A small change - tire pressure - can have a huge impact on the way your eBike handles and feels on the road or trail. Proper tire pressure also prevents damage and reduces the amount of ongoing maintenance needed on your eBike.
But what is the "right" tire pressure? There is no magic number that works for everyone, because the best tire pressure varies based your weight, riding style, and the road surface. Here's what to know about tire pressure, and some tips for finding the best tire pressure for your eBike.
Inflate your tires to the recommended range to start
You should use eBike-rated tires, specifically designed for the higher speeds of electric bikes. Better makes and models already come with eBike-rated tires installed; if you're shopping for replacement tires, make sure to select the eBike-rated style.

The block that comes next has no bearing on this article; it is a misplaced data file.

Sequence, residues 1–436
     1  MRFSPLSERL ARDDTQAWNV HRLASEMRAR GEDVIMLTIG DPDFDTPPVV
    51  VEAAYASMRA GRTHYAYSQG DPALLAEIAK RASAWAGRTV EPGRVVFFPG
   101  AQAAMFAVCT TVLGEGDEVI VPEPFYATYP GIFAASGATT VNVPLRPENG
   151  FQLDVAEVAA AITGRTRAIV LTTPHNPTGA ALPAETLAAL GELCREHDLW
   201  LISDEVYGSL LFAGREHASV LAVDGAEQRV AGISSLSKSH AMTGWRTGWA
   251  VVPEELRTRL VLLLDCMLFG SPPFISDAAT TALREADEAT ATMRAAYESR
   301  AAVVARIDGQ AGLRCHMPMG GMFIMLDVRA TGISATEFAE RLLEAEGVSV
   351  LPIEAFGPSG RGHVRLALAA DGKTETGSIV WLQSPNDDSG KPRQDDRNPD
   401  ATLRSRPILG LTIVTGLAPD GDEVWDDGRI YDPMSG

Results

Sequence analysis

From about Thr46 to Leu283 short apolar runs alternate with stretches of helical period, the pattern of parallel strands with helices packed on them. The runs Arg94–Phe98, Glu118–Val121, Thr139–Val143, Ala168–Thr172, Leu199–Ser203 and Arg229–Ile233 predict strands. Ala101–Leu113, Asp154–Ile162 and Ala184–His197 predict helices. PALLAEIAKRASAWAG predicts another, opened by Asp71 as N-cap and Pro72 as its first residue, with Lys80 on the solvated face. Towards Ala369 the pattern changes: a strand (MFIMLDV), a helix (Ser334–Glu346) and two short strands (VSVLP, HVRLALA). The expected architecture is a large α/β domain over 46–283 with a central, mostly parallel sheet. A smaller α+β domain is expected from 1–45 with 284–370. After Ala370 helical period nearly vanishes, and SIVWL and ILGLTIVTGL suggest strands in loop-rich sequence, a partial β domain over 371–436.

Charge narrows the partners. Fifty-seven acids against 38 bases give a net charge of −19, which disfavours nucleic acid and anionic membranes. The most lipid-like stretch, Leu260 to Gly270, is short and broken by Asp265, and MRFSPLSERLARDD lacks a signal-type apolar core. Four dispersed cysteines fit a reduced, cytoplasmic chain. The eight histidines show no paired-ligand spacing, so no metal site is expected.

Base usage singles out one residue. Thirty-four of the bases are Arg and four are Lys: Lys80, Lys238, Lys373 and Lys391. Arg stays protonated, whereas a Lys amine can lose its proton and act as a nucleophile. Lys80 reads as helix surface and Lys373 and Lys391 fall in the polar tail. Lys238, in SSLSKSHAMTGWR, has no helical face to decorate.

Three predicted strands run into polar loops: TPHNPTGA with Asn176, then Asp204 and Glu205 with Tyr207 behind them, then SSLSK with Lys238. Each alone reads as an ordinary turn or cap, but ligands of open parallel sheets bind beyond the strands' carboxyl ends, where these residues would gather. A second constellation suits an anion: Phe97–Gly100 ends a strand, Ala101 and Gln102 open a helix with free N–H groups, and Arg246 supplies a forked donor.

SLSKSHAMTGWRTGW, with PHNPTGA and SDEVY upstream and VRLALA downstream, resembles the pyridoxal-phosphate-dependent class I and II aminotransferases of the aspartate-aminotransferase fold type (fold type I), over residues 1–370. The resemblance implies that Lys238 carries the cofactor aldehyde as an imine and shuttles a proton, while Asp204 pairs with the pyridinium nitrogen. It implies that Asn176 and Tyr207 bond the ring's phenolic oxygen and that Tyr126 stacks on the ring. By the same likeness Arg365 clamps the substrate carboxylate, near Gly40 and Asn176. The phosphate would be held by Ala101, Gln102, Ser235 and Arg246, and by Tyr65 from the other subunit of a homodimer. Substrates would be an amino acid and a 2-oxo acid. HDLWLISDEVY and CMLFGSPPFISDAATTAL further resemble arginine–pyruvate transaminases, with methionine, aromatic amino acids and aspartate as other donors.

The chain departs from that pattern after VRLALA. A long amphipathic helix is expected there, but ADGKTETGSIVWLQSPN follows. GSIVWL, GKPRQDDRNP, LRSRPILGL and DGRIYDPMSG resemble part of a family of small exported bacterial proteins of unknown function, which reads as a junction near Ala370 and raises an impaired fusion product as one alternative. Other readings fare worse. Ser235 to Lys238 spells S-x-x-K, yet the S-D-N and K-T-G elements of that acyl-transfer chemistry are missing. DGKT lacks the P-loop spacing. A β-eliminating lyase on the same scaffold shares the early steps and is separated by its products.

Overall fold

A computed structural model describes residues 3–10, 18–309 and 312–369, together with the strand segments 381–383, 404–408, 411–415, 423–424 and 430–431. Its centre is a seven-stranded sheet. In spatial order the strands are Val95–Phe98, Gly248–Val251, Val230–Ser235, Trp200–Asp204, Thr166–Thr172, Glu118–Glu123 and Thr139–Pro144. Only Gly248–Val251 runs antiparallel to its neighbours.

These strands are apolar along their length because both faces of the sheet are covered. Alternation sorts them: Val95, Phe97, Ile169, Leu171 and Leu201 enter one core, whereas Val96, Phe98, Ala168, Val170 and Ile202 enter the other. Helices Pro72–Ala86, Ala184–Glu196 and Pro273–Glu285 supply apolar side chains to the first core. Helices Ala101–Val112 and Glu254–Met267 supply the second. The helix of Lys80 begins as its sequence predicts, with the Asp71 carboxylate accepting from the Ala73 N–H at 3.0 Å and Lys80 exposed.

You'll find the recommended tire pressure printed on the tire sidewall. It might be written as a range, like "30-50 PSI" or a maximum, like "60 PSI max." The middle of the published range is a good starting point. Then, experiment based on your weight and riding style, and the places you plan to ride.
When tire pressure is too low, risk of of a puncture (flat tire) or other damage can increase
You've probably ridden a bike with a flat tire, perhaps out of necessity at some point. Remember the feeling as the tire folds over on itself and wanders all over the road? Traction comes and goes as the tire slips and grabs repeatedly. It's hard to hold your line during a corner.